Robin Goldstein's book about good yet cheap wine.
Actually, The Wine Trials 2010, The World's bestselling guide to inexpensive wine, is only superficially about good wines that cost less than 15 dollars. The book is essentially a polemic against the idea that if a producer can convince the consumer that a product is superior, then it is not only right to charge more for it, but the consumer should be honored to pay more for it even though it functions no better than something that costs much less. That said, they could just as easily have chosen to pick from any product category to find examples of overpriced products that work no better than cheaper more generic brands.
When I was an undergrad I performed a chemistry lab where I was given 5 blind samples of chlorine bleach and told to determine the amount of sodium hypochlorite in each. When they all tested at between 5-5.25% the professor revealed their identities and the price per gallon of each. Even though they all had essentially the same amount of active ingredient, some of the brand name version were more than 50% more expensive than "cheaper" brands and generics.
Our glorious hyper-materialistic consumer culture is full of such examples of products whose intrinsic value is enhanced by a BS veil of efficacy, exclusivity, hipness created by brand engineers and marketers to sucker the credulous. And here in The Wine Trials Goldstein and Herschkowitsch more than convincingly make the case that many of the wines (e.g. Dom Perignon, $150/750ml) that we believe are worth paying many times the price of putatively plebeian plonk (e.g. Domaine Ste Michelle Brut, $12/750ml) don't do well in blind tastings against their cheaper cousins. They also suggest that people who overpay for wine that could be equaled in quality by much cheaper stuff are also buying entry into the kind of life and social class they want to inhabit. In other words, if one buys and drinks $1000 bottles of Chateau d' Yquem one joins ranks of the Donald Trumps and the Jay Zs and enters the class of people who can afford to blow a grand on a bottle of wine.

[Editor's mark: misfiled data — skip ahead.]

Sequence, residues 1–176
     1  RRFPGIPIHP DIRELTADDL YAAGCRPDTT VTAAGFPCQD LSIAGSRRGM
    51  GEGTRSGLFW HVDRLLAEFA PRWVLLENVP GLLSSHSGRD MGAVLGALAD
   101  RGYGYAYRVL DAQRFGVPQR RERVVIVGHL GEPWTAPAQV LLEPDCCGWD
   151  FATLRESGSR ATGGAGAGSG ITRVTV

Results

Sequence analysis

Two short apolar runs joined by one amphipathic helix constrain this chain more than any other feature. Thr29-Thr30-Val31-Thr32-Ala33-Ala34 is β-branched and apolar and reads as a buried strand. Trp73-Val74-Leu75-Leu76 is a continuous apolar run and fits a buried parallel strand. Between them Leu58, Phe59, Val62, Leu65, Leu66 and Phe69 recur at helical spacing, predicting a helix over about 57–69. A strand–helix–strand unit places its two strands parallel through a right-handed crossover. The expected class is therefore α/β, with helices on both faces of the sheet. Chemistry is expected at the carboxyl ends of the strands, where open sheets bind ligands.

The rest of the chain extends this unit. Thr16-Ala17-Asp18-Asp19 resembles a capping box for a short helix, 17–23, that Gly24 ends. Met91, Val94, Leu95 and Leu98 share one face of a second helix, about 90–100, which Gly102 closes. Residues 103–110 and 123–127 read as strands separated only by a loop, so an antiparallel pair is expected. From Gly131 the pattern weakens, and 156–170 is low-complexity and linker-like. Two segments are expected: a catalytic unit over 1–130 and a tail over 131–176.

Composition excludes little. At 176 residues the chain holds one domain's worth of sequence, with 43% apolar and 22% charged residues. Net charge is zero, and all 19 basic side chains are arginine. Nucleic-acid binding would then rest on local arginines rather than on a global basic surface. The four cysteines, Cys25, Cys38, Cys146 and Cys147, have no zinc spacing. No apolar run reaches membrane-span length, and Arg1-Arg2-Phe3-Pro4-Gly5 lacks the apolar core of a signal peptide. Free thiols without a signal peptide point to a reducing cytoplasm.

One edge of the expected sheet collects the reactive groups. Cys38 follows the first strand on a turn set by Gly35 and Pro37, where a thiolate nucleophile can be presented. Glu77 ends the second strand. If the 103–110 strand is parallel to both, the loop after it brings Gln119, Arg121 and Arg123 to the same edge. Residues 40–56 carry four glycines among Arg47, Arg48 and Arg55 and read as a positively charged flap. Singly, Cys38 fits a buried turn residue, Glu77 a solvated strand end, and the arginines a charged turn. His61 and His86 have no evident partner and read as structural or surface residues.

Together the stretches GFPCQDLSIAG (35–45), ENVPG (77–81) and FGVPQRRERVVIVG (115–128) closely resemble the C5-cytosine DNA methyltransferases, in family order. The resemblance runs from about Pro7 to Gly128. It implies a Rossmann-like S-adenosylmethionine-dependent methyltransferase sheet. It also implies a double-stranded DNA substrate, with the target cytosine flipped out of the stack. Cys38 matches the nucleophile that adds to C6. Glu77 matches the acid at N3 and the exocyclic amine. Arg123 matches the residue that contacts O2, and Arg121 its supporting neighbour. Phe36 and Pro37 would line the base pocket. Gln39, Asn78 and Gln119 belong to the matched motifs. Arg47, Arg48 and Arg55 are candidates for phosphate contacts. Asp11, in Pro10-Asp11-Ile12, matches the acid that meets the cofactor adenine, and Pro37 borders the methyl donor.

Really their pillorying of the notion that just because a product is wrapped in an aura of quality and exclusivity it is actually worth more money than something of equal quality that is wrapped in a newspaper plucked a resonant chord on my inner lute of truth and justice.
I've been on the hunt for things, services, concepts that do what I want them to do on the cheap since I was a kid and realized that I could find really cool stuff by ferreting through the garbage that my neighbors put out on trash day. (Actually, it's kind of part of my life's work.) So yeah, I loved this book.